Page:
Artist paints picture of humanity of those with mental illness

NORTH BRUNSWICK – Kate Gregory said she has always had creativity running through her veins.

“From a formal standpoint, I have four years of ceramics experience behind me, as well as a few years of painting, drawing, printmaking and graphic design experience. I’m currently a Studio Art major at Georgetown University, planning on concentrating in Photography, Graphics, and New Media, but I don’t think my art will ever be constrained to one medium since I fall in love with every one I try,” she said.

She translated her creative talents into designing a mural for the inside of the NAMI-NJ headquarters in North Brunswick, since she said mental illness is “no stranger to [her] family,” and will assist in painting the 8-foot by 11.5-foot mural by May 18, the date of NAMI’s open house.

“[In] the past, NAMI (the National Alliance on Mental Illness) has been both a resource and a way in which to give back to the community. I still remember participating in NAMI walks as a young girl well before I truly understood the specifics of the goals NAMI pushes towards. Now, NAMI holds a special place in my heart because of their message and the generous support they have given my family,” she said.

Gregory said she decided to enter the contest “because I thought it would be an amazing way to help in the effort to destigmatize mental illness. The societal view that individuals with mental health issues are somehow ‘crazy’ or ‘threatening’ is unfortunately still prevalent, which is an awful and just plain inaccurate generalization of a huge population. I wanted to paint a picture, no pun intended, that reflects the humanity in that population’s struggle, but also the really beautiful way in which communities come together to support it.”

Specifically, she said she was “inspired by NAMI’s cohesive strategies to alter the social landscape so that individual with mental illnesses are included, supported and aided by others, so I decided to utilize basic shapes and a simple color scheme that come together in a sort of puzzle. Each piece of the puzzle makes little sense in isolation, but when combined with other pieces it comes to represent the inner workings of NAMI itself, the volunteers, the policy makers, the educators, the phone operators, and the doctors and board members. I also chose to construct my color scheme in a way that leaves the composition open for interpretation by the viewer; because there are no specific ages or races depicted in the design, viewers can more easily spot themselves within it. Any individual can volunteer, advocate, or educate, so I worked to represent roles rather than specific types of individuals within the mural.”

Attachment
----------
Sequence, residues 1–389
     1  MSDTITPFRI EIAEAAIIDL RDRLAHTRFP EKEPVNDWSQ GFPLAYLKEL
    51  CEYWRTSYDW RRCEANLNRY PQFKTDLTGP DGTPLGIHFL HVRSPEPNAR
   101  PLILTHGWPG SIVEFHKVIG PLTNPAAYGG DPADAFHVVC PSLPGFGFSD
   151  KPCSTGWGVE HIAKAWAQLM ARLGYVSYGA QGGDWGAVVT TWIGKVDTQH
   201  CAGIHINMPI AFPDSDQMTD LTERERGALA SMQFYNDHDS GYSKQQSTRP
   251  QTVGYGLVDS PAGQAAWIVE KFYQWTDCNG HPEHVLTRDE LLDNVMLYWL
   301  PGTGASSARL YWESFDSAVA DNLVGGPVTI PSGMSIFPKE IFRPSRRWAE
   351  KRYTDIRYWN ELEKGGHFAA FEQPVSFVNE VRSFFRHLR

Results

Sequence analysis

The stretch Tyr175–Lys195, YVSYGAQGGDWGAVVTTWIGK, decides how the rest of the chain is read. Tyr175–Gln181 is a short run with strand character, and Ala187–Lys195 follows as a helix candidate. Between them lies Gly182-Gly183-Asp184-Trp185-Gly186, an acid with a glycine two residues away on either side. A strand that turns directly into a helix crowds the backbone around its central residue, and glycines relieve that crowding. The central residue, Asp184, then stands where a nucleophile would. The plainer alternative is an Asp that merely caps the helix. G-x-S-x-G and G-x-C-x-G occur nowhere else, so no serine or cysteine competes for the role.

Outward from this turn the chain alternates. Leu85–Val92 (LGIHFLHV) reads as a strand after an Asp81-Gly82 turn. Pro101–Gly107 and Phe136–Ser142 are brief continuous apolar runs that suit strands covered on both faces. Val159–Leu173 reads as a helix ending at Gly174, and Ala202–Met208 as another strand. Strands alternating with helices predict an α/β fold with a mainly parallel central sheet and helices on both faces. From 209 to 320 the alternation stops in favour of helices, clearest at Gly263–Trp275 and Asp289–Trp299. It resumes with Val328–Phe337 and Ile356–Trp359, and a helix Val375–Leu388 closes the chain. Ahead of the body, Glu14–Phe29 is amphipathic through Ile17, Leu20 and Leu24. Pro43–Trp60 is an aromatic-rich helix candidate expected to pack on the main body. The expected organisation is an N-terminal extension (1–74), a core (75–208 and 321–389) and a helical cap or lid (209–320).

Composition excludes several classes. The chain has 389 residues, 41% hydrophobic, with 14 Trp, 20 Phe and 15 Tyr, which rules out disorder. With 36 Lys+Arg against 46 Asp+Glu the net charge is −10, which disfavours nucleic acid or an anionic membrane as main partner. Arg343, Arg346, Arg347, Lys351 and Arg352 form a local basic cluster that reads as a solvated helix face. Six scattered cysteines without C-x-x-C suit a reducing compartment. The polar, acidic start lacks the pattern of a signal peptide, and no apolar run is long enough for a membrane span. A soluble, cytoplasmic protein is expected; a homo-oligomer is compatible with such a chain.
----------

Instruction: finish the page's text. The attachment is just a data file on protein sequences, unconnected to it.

Gregory said the conceptualization of what she wanted to do took more time than completing the sketch for the contest.

“That’s always the most difficult part for me, coming up with an idea that’s actually worth putting my skills toward. It took me a few days to finish and adjust the sketch once I got a good grip on the idea I wanted to work with, but I can’t discount the help of the criticism of a few close friends and family members. I never really consider my work fully perfected if it’s not road-tested, so to speak,” she said.

She said the plan is to transfer the design onto the wall with graphite transfer paper.

“After the basic design is transferred, it’s all a matter of painting in inside the lines, almost like a paint-by-number painting, but just a smidge larger. I’ve set aside 70 to 80 hours for the project, and I’m hoping to get it done a little bit faster. But, this is the biggest piece I’ve done so far, so I’m factoring in time for hiccups. There’s a small chance I might be enlisting help from my best friend who has extensive experience with house painting, but most likely I’ll be painting on my own for this one,” she said.

Gregory said she is pleased her work is going to be a lasting part of an organization she cares about because it means her message really resonated with NAMI.

“Some artists I know get a big kick out of getting their art out into the world because they feel like it means they’re on the road to fame and fortune, but I’d rather not make a dime and bring a smile to someone’s day than make work I’m not proud of for profit. And honestly, I’m proud to have my name associated with NAMI,” she said.

NAMI-NJ will hold its open house from 10 a.m. to 1 p.m. on May 18 at its North Brunswick headquarters, 1562 Route 130, behind Chase Bank.

Meet the team, learn about programs, tour the facility, see the unveiling of the mural, enter a raffle and join the NAMIWalks Rally.

Light refreshments will be served.

RSVP by May 11 by visiting www.naminj.org/open-house.

Contact Jennifer Amato at jamato@newspapermediagroup.com.